Loughborough University
Leicestershire, UK
LE11 3TU
+44 (0)1509 263171
Loughborough University

Loughborough University Institutional Repository

Please use this identifier to cite or link to this item: https://dspace.lboro.ac.uk/2134/32970

Title: Optimized vascular network by stereolithography for tissue engineered skin
Authors: Han, Xiaoxiao
Courseaus, Julien
Khamassi, Jamel
Nottrodt, Nadine
Engelhardt, Sascha
Jacobsen, Frank
Bierwisch, Claas
Meyer, Wolfdietrich
Walter, Torsten
Weisser, Jurgen
Jaeger, Raimund
Bibb, Richard J.
Harris, Russell A.
Keywords: Artificial vascular network
Skin tissue engineering
Additive manufacturing
Design optimisation
Issue Date: 2018
Publisher: © The Authors. Published by WHIOCE
Citation: HAN, X. ...et al., 2018. Optimized vascular network by stereolithography for tissue engineered skin. International Journal of Bioprinting, 4(2): 134.
Abstract: This paper demonstrates the essential and efficient methods to design, and fabricate optimal vascular network for tissue engineering structures based on their physiological conditions. Comprehensive physiological requirements in both micro and macro scales were considered in developing the optimisation design for complex vascular vessels. The optimised design was then manufactured by stereolithography process using materials that are biocompatible, elastic and surface bio-coatable. The materials are self-developed photocurable resin consist of BPA-ethoxylated-diacrylate, lauryl acrylate and isobornylacrylate with Irgacure® 184, the photoinitiator. The optimised vascular vessel offers many advantages: 1) it provides the maximum nutrient supply; 2) it minimises the recirculation areas and 3) it allows the wall shear stress on the vessel in a healthy range. The stereolithography manufactured vascular vessels were then embedded in the hydrogel seeded with cells. The results of in vitro studies show that the optimised vascular network has the lowest cell death rate compared with a pure hydrogel scaffold and a hydrogel scaffold embedded within a single tube in day seven. Consequently, these design and manufacture routes were shown to be viable for exploring and developing a high range complex and specialised artificial vascular networks.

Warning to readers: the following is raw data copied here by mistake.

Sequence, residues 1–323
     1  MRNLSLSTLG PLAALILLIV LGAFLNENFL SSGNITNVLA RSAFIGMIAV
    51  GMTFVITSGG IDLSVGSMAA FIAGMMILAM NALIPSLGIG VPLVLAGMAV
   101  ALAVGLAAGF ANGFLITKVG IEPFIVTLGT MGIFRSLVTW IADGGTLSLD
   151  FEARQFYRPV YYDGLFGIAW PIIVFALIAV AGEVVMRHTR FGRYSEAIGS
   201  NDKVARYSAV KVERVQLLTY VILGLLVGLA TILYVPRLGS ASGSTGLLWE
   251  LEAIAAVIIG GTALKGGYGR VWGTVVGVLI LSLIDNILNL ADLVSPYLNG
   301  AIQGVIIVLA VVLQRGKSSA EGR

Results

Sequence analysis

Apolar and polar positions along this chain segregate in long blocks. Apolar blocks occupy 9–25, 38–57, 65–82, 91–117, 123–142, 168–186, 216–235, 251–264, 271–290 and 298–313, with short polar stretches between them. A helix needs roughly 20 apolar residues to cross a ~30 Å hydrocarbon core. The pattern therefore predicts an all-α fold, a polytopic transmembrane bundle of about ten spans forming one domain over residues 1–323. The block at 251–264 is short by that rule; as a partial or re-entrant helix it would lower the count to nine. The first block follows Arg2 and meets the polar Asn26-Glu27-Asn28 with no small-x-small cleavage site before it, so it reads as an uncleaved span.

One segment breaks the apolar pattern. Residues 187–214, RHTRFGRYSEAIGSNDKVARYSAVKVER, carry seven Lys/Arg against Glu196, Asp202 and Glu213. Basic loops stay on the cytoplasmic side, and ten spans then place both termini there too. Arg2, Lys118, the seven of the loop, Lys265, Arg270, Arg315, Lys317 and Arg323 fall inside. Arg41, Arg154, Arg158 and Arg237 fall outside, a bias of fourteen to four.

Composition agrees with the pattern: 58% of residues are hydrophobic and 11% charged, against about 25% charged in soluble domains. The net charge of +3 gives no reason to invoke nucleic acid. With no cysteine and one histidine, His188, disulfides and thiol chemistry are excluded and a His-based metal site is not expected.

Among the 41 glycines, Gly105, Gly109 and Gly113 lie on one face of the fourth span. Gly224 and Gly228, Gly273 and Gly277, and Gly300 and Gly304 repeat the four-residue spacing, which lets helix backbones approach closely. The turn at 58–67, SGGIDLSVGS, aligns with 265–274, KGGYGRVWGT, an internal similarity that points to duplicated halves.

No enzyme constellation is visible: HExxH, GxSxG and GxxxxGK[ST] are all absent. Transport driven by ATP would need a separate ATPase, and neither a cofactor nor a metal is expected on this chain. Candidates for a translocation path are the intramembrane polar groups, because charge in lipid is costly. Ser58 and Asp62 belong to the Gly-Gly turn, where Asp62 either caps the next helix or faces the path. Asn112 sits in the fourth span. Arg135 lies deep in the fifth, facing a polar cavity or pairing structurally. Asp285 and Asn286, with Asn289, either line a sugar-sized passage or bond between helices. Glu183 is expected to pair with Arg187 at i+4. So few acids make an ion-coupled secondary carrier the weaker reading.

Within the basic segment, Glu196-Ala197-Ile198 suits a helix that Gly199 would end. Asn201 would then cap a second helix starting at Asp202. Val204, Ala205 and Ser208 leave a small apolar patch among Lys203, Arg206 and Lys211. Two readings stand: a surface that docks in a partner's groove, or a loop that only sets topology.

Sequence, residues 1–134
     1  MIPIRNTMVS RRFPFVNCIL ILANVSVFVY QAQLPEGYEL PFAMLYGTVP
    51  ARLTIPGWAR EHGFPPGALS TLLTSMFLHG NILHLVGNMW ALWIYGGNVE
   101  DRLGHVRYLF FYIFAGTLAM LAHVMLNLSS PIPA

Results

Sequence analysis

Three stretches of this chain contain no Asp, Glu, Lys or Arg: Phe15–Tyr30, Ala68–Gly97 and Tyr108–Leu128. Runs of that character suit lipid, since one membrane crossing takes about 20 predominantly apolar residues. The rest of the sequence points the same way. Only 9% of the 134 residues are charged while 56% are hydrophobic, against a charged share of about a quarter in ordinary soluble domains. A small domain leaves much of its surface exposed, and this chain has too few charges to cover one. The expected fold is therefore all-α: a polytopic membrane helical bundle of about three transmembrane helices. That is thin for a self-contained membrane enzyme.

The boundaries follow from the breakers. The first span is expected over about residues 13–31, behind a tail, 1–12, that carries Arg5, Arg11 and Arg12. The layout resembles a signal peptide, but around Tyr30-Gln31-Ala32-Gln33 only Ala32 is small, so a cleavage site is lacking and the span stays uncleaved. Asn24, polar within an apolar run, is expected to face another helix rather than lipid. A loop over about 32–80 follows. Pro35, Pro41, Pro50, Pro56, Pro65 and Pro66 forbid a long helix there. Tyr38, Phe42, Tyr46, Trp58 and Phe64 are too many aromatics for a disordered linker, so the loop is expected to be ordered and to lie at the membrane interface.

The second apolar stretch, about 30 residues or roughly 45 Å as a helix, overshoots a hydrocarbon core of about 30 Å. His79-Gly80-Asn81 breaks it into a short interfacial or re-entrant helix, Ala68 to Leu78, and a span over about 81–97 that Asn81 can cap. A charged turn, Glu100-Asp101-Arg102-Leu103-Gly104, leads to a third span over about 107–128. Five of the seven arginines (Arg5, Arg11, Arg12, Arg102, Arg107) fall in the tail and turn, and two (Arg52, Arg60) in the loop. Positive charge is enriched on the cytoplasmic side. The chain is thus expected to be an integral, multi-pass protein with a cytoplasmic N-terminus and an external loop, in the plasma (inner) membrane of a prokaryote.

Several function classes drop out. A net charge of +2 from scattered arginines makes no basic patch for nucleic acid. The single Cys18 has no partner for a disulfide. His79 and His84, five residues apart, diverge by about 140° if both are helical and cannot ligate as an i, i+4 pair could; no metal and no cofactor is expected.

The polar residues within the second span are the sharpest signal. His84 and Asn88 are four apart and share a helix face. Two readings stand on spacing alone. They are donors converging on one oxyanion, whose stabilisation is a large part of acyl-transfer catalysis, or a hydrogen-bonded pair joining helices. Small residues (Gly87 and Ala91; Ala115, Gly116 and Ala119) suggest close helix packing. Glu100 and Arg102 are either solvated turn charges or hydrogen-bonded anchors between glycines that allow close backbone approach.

Description: This is an Open Access Article. It is published by WHIOCE under the Creative Commons Attribution-NonCommercial 4.0 International (CC BY-NC). Full details of this licence are available at: http://creativecommons.org/licenses/by-nc/4.0/
Sponsor: This work is part of the project ArtiVasc 3D (http://www.artivasc.eu/). It is financially supported by the European Union’s Seventh Framework Programme (FP/2007-2013) under grant agreement No. 263416 (ArtiVasc 3D).
Version: Published
DOI: 10.18063/ijb.v4i2.134
URI: https://dspace.lboro.ac.uk/2134/32970
Publisher Link: https://doi.org/10.18063/ijb.v4i2.134
ISSN: 2424-8002
Appears in Collections:Published Articles (Mechanical, Electrical and Manufacturing Engineering)

Files associated with this item:

File Description SizeFormat
Han_134-743-3-PB.pdfPublished version2.34 MBAdobe PDFView/Open


SFX Query

Items in DSpace are protected by copyright, with all rights reserved, unless otherwise indicated.